Hughes v. State

Annotate this Case

533 S.W.2d 824 (1976)

Alonzo Gene HUGHES aka Lonzo Bill Carpenter, Appellant, v. The STATE of Texas, Appellee.

Nos. 51614, 51615.

Court of Criminal Appeals of Texas.

March 3, 1976.

Barry P. Helft, Dallas, for appellant.

Henry Wade, Dist. Atty., Harry J. Schulz, Jr., and David Schick, Asst. Dist. Attys., Dallas, Jim D. Vollers, State's Atty., and David S. McAngus, Asst. State's Atty., Austin, for the State.

OPINION

ONION, Presiding Judge.

Appellant waived trial by jury and entered pleas of not guilty before the court to two indictments charging him with delivering heroin. Upon conviction, punishment was assessed at seven (7) years in each case.

Appellant's court-appointed counsel has filed a brief in each case which states that after a thorough examination of the appellate records counsel has concluded the appeals are wholly frivolous and without merit and there is nothing in the records which might arguably support the appeals. A copy of counsel's brief and the appellate records have been delivered to appellant, and appellant has been advised of his right to file a pro se brief. No such brief has been filed.

After reviewing the record in both appeals, we must disagree with counsel's conclusion concerning the frivolous nature of the appeals because we find error in both necessitating reversal.

The indictment in Cause Number 51,615 alleged that appellant delivered heroin to Sam Allen on November 6, 1974. The indictment in Cause Number 51,614 alleged the appellant delivered heroin to Allen on November 8, 1974. Allen, a Garland police officer, testified that on November 6, 1974, while he was working undercover appellant delivered to him an aluminum foil package which contained white powder. State's Exhibit #2 was identified by Allen as the substance delivered on that date. Likewise, Allen testified that on November 8, 1974, while Allen was still in his undercover status, appellant delivered to him an aluminum foil package containing a brown powdery substance. Allen identified State's Exhibit #3 as the substance delivered to him on the latter date.

To prove that State's Exhibits #2 and #3 contained heroin, the State offered in evidence State's Exhibits #4 and #7. These two exhibits were written stipulations of evidence signed by appellant, his attorney and the prosecutor. Exhibit #4 *825 was a stipulation of the testimony of E. H. Foerester, a chemist with the Dallas County Crime Laboratory, that after examining Exhibit #3 he found it to contain heroin. Likewise, Exhibit #7 was a stipulation of Foerester's testimony that heroin was found in Exhibit #2.[1]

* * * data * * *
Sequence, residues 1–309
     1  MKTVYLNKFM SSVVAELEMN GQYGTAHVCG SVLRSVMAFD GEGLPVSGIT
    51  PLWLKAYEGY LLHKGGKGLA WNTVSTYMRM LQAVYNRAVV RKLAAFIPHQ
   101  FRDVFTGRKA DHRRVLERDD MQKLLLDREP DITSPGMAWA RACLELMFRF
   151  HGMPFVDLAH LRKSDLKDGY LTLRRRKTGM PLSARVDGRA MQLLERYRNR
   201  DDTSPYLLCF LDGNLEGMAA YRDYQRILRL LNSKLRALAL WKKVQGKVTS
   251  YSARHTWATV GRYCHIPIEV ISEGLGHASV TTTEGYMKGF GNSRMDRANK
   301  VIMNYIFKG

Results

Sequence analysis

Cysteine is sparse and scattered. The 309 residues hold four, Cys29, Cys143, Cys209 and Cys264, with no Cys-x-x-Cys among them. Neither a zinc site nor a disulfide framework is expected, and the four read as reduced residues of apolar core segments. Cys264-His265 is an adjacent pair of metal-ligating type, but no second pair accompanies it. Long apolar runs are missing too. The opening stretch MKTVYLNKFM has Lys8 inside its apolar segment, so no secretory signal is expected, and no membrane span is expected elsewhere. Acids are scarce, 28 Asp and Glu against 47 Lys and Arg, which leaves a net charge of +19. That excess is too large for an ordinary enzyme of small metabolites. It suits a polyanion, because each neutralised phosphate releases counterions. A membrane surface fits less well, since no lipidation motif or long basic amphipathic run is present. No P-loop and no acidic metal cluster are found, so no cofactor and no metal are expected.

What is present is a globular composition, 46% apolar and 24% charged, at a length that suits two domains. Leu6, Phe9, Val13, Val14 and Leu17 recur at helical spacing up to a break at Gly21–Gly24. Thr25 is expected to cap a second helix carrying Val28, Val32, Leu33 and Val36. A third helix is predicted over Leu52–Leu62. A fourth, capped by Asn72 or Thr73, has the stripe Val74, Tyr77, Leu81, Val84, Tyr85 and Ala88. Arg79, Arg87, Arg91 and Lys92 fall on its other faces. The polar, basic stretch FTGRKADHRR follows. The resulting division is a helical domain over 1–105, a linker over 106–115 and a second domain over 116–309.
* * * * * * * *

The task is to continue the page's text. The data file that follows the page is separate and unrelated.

Article 1.15, Vernon's Ann.C.C.P.,[2] provides that in cases where trial by jury is waived the evidence may be stipulated "if the defendant in such case consents in writing, in open court, to waive the appearance, confrontation, and cross-examination of witnesses, and further consents either to an oral stipulation of the evidence and testimony or to the introduction of testimony by affidavits, written statements of witnesses, and any other documentary evidence in support of the judgment of the court." The statute further provides: "Such waiver and consent must be approved by the court in writing, and be filed in the file of the papers of the cause."

An examination of the records in these cases fails to reveal that appellant waived in writing his right to the appearance, confrontation and cross-examination of the chemist, E. H. Foerester. In fact, the contrary appears. Each record contains an instrument denominated (among other things) "Agreement to Stipulate." In each instrument the words "and further waives the appearance, confrontation and cross-examination of witnesses, and further consents to the introduction of testimony by affidavits, written statements of defendant or of witnesses, and any other documentary evidence in support of the Judgment of the Court...." were expressly stricken out. No other written waivers as required by Article 1.15, supra, appear in the record.

The only evidence in the records to show that Exhibits #2 and #3 contained heroin was the stipulated testimony of Foerester. Allen did mention the word "heroin" on two occasions, but he was not specifically referring to Exhibits #2 or #3 when the references were made. Appellant's evidence was to deny that the transactions occurred, claiming he never met Allen until after the dates alleged in the indictments.

Since Exhibits #4 and #7 (the stipulated testimony of Foerester) were not in compliance with Article 1.15, supra, they cannot be considered as evidence.[3] When so considered, the evidence in the light most favorable to the convictions shows that appellant delivered to Allen a white powder substance on November 6, 1974, and a brown powdery substance on November 8, 1974. There is no admissible evidence in the records to show that either substance contained heroin. The failure properly to prove that the substances delivered were heroin necessitates reversal of these convictions.

The judgments are reversed and the causes remanded.

ODOM, J., concurs in the result.

NOTES

[1] In view of our disposition of this case, we need not discuss whether a chain of custody of Exhibits #2 and #3 was established.

[2] This statute is mandatory. See Elder v. State, 462 S.W.2d 6 (Tex.Cr.App.1971).

[3] Compare Rangel v. State, 464 S.W.2d 858 (Tex.Cr.App.1971).